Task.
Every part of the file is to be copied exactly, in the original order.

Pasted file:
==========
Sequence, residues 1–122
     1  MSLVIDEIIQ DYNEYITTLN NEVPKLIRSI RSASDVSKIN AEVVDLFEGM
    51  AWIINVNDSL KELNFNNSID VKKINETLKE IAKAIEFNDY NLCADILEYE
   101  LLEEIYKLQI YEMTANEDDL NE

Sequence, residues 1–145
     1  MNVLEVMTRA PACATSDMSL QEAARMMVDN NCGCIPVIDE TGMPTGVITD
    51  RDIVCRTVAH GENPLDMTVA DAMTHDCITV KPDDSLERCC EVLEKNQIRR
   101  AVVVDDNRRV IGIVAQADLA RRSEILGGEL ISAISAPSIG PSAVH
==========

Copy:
Sequence, residues 1–122
     1  MSLVIDEIIQ DYNEYITTLN NEVPKLIRSI RSASDVSKIN AEVVDLFEGM
    51  AWIINVNDSL KELNFNNSID VKKINETLKE IAKAIEFNDY NLCADILEYE
   101  LLEEIYKLQI YEMTANEDDL NE

Sequence, residues 1–145
     1  MNVLEVMTRA PACATSDMSL QEAARMMVDN NCGCIPVIDE TGMPTGVITD
    51  RDIVCRTVAH GENPLDMTVA DAMTHDCITV KPDDSLERCC EVLEKNQIRR
   101  AVVVDDNRRV IGIVAQADLA RRSEILGGEL ISAISAPSIG PSAVH